The cardiovascular markers copeptin and high-sensitive C-reactive protein decrease following specific therapy for primary aldosteronism

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Abstract

Context:

Copeptin and high-sensitive C-reactive protein (hsCRP) are biomarkers associated with increased mortality in patients with cardiovascular and cerebrovascular disease as well as in the general population. No data exist regarding these markers in patients with primary aldosteronism.

Objective:

To evaluate copeptin and hsCRP levels as cardiovascular risk markers in primary aldosteronism patients.

Methods:

A total of 113 primary aldosteronism patients (64% male) from two centers of the prospective German Conn's Registry were identified, for whom a full data set and blood samples at baseline and follow-up (14 ± 3.4 months) after initiation of specific primary aldosteronism treatment were available. These cases were matched 1 : 3 (n = 339) for sex, renal function, BMI, age and SBP with participants from the Cooperative Health Research in the Region of Augsburg F4 survey. Copeptin and hsCRP were determined by sandwich fluoroimmunoassay.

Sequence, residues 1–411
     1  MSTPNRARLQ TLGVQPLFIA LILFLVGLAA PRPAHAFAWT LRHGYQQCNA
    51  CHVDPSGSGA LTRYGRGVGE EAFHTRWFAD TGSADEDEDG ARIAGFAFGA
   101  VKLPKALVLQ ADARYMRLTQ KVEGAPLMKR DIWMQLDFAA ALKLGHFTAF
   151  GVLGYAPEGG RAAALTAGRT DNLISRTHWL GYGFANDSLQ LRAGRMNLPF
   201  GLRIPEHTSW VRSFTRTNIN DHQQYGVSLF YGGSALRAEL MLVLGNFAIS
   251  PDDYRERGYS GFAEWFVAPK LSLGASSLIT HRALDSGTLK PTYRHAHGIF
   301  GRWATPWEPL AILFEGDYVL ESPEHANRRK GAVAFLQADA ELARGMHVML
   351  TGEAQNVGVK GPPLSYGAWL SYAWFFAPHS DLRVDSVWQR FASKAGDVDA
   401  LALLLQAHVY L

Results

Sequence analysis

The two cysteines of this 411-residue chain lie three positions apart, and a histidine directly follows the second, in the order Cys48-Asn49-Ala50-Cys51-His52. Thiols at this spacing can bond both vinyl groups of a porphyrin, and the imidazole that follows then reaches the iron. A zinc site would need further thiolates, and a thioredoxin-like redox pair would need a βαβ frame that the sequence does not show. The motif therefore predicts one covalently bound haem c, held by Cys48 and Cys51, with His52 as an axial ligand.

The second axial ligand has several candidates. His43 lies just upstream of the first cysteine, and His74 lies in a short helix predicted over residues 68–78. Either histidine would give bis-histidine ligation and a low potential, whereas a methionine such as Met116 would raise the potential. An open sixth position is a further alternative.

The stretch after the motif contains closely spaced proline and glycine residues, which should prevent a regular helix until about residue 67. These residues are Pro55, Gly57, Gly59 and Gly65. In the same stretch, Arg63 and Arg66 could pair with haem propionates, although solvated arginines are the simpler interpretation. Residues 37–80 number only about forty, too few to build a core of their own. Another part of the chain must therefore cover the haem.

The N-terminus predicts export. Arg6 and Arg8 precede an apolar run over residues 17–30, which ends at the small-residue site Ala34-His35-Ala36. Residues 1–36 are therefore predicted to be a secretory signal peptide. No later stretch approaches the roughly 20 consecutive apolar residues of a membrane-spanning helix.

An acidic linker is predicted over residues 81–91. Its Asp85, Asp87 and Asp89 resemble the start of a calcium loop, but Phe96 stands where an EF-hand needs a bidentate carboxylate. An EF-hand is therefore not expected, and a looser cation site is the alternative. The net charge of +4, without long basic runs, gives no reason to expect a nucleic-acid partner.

Results:

HsCRP was significantly higher in primary aldosteronism patients at baseline compared with matched controls. Following specific therapy, hsCRP and copeptin decreased significantly in primary aldosteronism patients [median (25th and 75th percentile): 1.6 (0.8, 3.4) to 1.2 (0.6, 2.1) mg/l, P < 0.001; 7.8 (4.6, 13.5) to 5.0 (3.1, 8.9) pmol/l, P < 0.001, respectively]. Men had higher hsCRP and copeptin levels at baseline and follow-up compared with women. The combination of sex, hypokalemia, lateralization index and blood pressure were the best predictors of outcome. However, copeptin and hsCRP had no predictive value despite the association of lower copeptin levels with better outcome regarding cure of primary aldosteronism.

Conclusion:

Copeptin and hsCRP levels decrease following specific primary aldosteronism therapy reflecting successful cardiovascular risk reduction. However, they are no independent predictors regarding cure of primary aldosteronism.

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